Global Culture: How Do You View Time?

July 20, 2011 — Leave a comment

Given the worlds extensive history and diverse variety, it is interesting how many common concepts, such as time, are rooted so firmly in a similar manner in very different societies. What is commonly not recognized is that each culture has its own notion of these concepts that are present across all cultures.   The general concept of time is very clear, however context and value vary widely. Because a person’s perception of time influences the way s/he understands time and behaves in respect to it, we ultimately have diverse views of time across cultures.

If we consider time from three vantage points – past, present and future – we can begin to understand why different cultures may espouse different orientations and the values that can be drawn from each worldview. As a leader in a global organization, it is critically important for you to understand not only that time may be viewed as scarce or plentiful, but also the context of time and how decisions are made, as well as how process, policy, and procedure is implemented and executed, may be significantly driven by the source of time orientation – past, present, and future worldviews.

Past: For many cultures, the past is, understandably, very important. Lessons learned from past mistakes are remembered and applied to current situations. In East Asia, for example, past events, notable scholars, as well as ancestors are honored and observed in ways other cultures may not fully understand. Historical context is extremely important to many European cultures as well, where nearly every speech, book, or article begins with background material providing historical perspective.  The value of the past lies in memory and history. When partnering with someone with a past orientation, it is extremely useful to frame the situation so as to allow the future to become more credible as it evolves into a new occurrence of the past. Learning from past mistakes helps to ensure we will not let them happen again. Alternatively, thinking back to positive outcomes inspires us to emulate the behaviors that resulted in the positive outcome.

Present: Many traditional cultures live in an “eternal” present. For example, many African and Native American cultures do not have verb tenses to indicate past occurrences or future events – everything is referred to in the present tense.  Another people focused on the present are Americans, who are heavily influenced by the ideas of instant gratification and short term benefits. The importance of the present is captured in the famous adage, “carpe diem” (seize the day) and in the common belief that the present is where life takes place. The challenge with a solely “in the here and now” mentality is that mistakes of the past can often be overlooked (and thus repeated), while at the same time no clear direction is defined and there is little to strive for if the future is negated.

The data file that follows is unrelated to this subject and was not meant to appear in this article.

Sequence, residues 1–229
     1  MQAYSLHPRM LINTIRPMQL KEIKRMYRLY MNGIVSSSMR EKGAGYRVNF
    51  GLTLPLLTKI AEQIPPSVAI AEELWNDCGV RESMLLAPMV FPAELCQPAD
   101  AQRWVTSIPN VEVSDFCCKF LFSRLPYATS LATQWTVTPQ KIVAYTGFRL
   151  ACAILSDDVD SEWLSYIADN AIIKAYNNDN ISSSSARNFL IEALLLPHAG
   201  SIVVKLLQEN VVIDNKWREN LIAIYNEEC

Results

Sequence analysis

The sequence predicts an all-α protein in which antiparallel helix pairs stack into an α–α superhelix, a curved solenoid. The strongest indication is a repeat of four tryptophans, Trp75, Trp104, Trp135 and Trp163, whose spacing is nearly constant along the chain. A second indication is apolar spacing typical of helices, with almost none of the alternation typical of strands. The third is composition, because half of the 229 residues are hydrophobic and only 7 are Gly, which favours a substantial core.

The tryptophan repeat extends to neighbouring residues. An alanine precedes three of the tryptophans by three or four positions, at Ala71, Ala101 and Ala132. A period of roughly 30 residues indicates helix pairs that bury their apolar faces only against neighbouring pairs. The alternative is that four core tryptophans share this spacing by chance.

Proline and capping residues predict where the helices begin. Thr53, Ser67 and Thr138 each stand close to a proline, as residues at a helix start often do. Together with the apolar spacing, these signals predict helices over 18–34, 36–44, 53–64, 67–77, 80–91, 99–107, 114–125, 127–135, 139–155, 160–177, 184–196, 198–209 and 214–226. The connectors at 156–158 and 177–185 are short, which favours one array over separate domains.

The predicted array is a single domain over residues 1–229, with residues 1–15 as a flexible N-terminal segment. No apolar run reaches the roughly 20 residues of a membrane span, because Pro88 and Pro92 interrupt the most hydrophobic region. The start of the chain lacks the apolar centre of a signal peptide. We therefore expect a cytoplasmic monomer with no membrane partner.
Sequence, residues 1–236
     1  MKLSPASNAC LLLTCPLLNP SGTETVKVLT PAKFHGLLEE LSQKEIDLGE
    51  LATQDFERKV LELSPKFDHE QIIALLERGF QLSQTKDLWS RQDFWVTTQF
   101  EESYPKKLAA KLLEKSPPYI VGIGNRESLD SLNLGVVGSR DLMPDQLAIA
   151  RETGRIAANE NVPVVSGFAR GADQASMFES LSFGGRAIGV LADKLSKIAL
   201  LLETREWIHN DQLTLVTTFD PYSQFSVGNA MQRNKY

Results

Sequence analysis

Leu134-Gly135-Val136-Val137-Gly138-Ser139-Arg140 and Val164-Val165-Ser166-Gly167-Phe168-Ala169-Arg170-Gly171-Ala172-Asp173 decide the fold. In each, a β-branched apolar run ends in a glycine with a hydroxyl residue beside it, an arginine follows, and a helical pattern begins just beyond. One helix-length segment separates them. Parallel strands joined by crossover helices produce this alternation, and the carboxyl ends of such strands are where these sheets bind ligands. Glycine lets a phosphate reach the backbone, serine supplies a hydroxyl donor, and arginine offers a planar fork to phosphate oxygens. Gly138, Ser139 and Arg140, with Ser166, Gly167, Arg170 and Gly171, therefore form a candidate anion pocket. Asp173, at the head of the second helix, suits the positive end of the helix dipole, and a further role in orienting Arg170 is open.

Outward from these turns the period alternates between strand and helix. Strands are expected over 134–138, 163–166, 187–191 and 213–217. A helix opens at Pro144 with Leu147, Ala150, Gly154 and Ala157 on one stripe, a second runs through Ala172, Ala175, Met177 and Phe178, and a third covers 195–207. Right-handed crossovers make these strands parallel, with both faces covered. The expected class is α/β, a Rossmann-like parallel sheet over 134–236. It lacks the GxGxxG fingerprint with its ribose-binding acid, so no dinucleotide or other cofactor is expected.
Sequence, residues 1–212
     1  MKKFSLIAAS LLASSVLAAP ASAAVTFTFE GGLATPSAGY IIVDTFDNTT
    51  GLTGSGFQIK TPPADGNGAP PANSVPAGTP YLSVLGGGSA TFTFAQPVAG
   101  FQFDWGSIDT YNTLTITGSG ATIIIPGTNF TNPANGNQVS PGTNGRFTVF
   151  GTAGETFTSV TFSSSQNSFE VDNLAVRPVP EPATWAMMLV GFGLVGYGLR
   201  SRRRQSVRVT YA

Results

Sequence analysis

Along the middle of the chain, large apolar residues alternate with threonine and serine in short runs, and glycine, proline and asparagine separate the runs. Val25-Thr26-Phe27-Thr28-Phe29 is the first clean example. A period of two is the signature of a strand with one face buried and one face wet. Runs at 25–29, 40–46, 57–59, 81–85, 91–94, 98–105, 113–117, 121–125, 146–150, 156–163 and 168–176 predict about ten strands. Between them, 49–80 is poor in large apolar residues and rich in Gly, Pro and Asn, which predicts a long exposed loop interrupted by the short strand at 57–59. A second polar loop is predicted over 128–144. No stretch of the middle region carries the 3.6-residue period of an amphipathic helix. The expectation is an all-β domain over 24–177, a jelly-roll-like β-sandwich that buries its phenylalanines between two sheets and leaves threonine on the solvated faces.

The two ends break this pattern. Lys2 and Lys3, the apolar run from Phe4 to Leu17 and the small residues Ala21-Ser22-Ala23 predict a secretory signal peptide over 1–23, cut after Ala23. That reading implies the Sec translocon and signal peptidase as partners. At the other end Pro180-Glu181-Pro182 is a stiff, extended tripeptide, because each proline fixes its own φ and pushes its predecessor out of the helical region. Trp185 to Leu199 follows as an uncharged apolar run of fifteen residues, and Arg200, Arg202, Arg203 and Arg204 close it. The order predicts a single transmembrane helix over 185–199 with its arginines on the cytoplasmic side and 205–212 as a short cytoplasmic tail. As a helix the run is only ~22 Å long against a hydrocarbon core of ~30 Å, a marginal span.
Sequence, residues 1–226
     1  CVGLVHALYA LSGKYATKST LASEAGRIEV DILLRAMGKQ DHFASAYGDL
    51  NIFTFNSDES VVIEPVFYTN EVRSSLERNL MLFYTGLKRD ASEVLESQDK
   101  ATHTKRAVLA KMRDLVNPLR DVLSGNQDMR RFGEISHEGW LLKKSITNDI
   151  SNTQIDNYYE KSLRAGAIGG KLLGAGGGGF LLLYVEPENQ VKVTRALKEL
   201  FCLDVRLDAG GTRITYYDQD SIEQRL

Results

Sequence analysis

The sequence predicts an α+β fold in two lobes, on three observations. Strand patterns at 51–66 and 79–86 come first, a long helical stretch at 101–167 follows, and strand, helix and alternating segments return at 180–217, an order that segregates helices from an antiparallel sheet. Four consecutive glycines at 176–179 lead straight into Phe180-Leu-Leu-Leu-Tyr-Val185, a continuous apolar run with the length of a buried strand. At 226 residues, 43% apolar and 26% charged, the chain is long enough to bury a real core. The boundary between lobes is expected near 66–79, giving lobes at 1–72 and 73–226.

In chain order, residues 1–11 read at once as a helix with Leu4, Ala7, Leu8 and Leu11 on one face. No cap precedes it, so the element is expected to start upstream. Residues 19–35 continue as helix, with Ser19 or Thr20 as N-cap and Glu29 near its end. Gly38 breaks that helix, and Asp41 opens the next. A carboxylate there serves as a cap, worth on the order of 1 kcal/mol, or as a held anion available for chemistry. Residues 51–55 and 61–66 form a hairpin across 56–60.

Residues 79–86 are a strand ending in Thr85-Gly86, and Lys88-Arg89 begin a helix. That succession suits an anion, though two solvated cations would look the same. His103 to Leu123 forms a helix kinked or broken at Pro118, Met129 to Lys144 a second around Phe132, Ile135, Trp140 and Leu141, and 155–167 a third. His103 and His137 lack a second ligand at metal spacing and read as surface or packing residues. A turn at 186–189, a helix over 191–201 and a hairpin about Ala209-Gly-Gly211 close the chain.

Future: A future focused orientation usually coincides with a long-term worldview and typically resides within relationship and obligation-based cultures. Chinese and Japanese cultures, for example, are careful to build mutual commitment to relationships because they understand that many years from the present time, those relationships will continue to grow and add value. It is the view that short-term profit is not nearly as valuable as long-term growth. The future gives meaning to our present actions and defines where our dreams will materialize (if sufficient effort is made) – an important concept.

Beyond its presence in our actions, time is inherent in what we communicate. Obviously, a good balance between past, present, and future orientation is optimal, however most individuals do not occupy the precise center-point on the continuum. In order to bridge the cultural gap, you (as an intuitive global leader) must be willing and able to adapt to different time orientations, as is relevant to the culturally diverse audience you are partnering with, which is directly reflected in how you communicate. When a leader can frame communications in such a way as to connect with a preferred worldview, there is a significantly higher probability that culturally diverse orientations will connect and create leverage – to everyone’s advantage.

For the next several weeks, I will be discussing specific cultural orientations that will facilitate successful communications and business results.  You can contact me at or by visiting our website Check back next Thursday for the next installation in a multi-tiered discussion on understanding cultural orientations for successful communication Across Boundaries & Borders.


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Sheri is The Global Coach, founder of Luminosity Global Consulting Group, Global Executive Coach, Speaker, Writer and Global Business and Cultural Expert.

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